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GCSE Music Analysis - Rag Desh Performed By Anoushka Shankar

Updated on May 9, 2012

General Points:
- Anoushka is the daughter of the very famous Indian musician Ravi Shankhar.
- This version was recorded live in 2001.
- It was recorded at a concert in New York.

Anoushka Shankar with Sitar.
Anoushka Shankar with Sitar.
Tabla.
Tabla.

Instrumentation

The 2 instruments in this piece are the Sitar and the Tabla.

- A Sitar is a plucked string instrument.
It has a very long neck and seven main strings which are used to play the melody. There are also 12 sympathetic strings on a Sitar. These strings are not plucked but resonate with the other strings to create a the characteristic 'shimmering' sound.

- A Tabla is a pair of drums.
The right drum is smaller, thus higher pitched, and made of wood. It is called the dayan. The left one is larger and made of metal and is called the bayan. The musician plays the Tabla mainly with their fingers.

Rhythm

This version of Rag Desh uses 2 tals (cycle of beats).
The Jhaptal is a 10 beat cycle (2 + 3 + 2 + 3)
the Tintal is a 16 beat cycle (4 + 4 + 4 + 4)

Structure

Alap
- This section is played by the Sitar only.
- It is slow with no regular beat or pulse.
- The melodic line is decorated with slides and pitch bends which are called meends.
Gat
- The Tabla enters a few seconds after the Gat begins.
- The Sitar plays a fixed composition in a moderate tempo.
- The Sitar and the Tabla improvise.
- The tempo increases towards the end of this piece.
Jhalla
The music is fast and virtuosic.
- The Sitar strings are strummed to create rhythmic excitement.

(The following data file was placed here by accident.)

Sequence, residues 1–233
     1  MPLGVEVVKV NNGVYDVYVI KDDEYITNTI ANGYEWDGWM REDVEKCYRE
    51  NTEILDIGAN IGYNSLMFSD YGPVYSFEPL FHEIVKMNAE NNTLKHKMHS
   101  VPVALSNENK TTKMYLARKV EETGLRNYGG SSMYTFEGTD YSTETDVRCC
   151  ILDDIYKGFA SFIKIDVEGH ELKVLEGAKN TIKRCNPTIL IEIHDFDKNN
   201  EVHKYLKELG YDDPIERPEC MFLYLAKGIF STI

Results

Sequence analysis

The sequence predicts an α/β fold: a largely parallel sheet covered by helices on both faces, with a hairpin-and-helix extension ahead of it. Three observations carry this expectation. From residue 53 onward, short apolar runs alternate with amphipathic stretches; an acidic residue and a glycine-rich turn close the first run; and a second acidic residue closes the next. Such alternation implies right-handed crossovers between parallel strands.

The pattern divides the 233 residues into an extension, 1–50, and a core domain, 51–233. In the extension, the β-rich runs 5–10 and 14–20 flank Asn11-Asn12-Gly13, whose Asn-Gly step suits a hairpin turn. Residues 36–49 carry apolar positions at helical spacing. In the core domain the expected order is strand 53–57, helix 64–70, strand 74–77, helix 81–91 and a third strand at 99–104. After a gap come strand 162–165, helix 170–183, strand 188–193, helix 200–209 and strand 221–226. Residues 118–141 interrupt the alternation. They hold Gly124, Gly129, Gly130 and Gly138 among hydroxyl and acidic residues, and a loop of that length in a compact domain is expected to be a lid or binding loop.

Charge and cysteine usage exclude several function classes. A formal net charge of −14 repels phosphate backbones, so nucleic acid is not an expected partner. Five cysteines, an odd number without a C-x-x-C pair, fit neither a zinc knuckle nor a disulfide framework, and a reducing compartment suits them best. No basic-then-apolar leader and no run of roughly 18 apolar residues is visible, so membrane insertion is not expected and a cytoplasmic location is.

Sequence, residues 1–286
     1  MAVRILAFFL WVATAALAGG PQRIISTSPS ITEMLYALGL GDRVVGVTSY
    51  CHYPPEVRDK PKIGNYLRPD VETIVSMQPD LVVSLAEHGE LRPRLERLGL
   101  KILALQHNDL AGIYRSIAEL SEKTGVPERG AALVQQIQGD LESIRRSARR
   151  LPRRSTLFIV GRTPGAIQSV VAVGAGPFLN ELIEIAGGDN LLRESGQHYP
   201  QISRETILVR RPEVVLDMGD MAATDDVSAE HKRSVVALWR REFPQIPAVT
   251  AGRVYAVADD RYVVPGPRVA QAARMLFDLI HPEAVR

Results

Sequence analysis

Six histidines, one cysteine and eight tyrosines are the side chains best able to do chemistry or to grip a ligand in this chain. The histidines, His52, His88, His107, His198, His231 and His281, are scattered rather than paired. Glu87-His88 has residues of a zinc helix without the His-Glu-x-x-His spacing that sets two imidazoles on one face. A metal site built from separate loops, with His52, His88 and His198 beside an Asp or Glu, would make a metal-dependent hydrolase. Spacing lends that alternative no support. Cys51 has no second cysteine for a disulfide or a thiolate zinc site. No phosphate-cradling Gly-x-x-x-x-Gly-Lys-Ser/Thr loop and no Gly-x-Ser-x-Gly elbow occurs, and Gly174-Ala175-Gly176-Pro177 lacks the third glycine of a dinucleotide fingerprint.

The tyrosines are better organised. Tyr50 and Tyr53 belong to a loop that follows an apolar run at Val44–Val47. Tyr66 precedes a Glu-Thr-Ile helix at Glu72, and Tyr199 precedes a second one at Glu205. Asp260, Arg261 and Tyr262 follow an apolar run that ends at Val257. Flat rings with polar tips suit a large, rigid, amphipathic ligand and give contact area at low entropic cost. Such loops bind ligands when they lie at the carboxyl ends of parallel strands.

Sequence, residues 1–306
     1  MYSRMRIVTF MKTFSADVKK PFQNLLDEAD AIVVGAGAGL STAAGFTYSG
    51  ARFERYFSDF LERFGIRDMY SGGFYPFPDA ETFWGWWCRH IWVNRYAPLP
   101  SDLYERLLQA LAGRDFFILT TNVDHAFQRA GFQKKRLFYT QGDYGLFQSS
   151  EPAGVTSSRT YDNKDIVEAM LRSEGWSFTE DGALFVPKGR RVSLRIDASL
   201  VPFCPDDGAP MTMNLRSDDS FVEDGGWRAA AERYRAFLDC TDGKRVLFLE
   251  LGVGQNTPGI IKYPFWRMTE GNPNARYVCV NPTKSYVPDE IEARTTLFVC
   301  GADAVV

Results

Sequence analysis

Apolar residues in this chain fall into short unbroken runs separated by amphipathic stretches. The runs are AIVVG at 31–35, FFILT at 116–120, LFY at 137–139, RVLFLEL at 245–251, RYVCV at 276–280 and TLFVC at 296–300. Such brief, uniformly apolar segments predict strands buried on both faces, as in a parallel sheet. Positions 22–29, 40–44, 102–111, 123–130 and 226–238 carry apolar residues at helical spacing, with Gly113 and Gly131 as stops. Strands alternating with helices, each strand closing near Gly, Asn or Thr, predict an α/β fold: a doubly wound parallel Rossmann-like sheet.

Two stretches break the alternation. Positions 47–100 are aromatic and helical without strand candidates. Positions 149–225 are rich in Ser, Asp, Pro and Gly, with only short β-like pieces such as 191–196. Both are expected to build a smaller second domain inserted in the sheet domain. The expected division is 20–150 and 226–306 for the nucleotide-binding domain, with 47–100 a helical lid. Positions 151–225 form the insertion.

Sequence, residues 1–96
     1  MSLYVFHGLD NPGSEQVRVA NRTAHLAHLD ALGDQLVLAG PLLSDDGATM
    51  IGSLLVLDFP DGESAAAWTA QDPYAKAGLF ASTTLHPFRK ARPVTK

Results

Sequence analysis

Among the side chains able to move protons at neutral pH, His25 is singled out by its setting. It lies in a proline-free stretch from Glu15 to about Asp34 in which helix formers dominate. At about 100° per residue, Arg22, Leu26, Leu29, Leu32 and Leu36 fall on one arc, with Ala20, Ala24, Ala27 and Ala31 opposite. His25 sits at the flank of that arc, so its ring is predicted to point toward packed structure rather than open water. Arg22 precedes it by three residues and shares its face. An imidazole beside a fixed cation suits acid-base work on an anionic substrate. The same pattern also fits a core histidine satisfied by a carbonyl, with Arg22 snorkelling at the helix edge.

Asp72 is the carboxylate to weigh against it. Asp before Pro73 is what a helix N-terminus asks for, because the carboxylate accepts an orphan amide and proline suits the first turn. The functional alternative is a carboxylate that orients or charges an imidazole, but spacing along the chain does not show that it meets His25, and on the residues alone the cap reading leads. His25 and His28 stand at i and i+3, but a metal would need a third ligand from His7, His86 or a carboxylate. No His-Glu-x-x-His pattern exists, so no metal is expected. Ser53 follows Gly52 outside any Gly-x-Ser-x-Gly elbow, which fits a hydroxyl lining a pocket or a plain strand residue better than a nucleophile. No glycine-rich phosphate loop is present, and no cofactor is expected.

Comments

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      Your GCSE Music Guide 

      19 months ago

      There are three full versions of Rag Desh, any could come up for Section A and Section B.

      These are the 3 versions that you need to learn and revise:

      1) Rag Desh - Anoushka Shankar (2001)

      2) Rag Desh - Chiranji Lal Tanwar (2004)

      3) Rag Desh - Steve Gorn and Benjy Wertheimer (2004)

      All of these versions are different e.g. they all use different instruments and have a different structure.

    • profile image

      Gcse 

      2 years ago

      What's the time signature for this piece?

    • profile image

      GCSE Teacher 

      2 years ago

      You wont need that for the exam, its the only piece not needing it.

    • profile image

      Yes 

      3 years ago

      The piece is based around a raga which is the equivalent of F major

    • profile image

      Thanks... 

      3 years ago

      Does anyone know about the tonality of this piece?

    • profile image

      Skylarana 

      3 years ago

      Thank you so much for your pages you are going to help me so much with my GCSE!!!

    • profile image

      name 

      4 years ago

      no tambura just a sitar and tabla the drone is played by the sitar.

    • profile image

      Ims 

      4 years ago

      The drone is formed from sympathetic strings beneath the main melodic strings on the sitar and another instrument: the TAMBURA.

    • profile image

      Sasha 

      4 years ago

      You forgot the Drone that goes on in the background!

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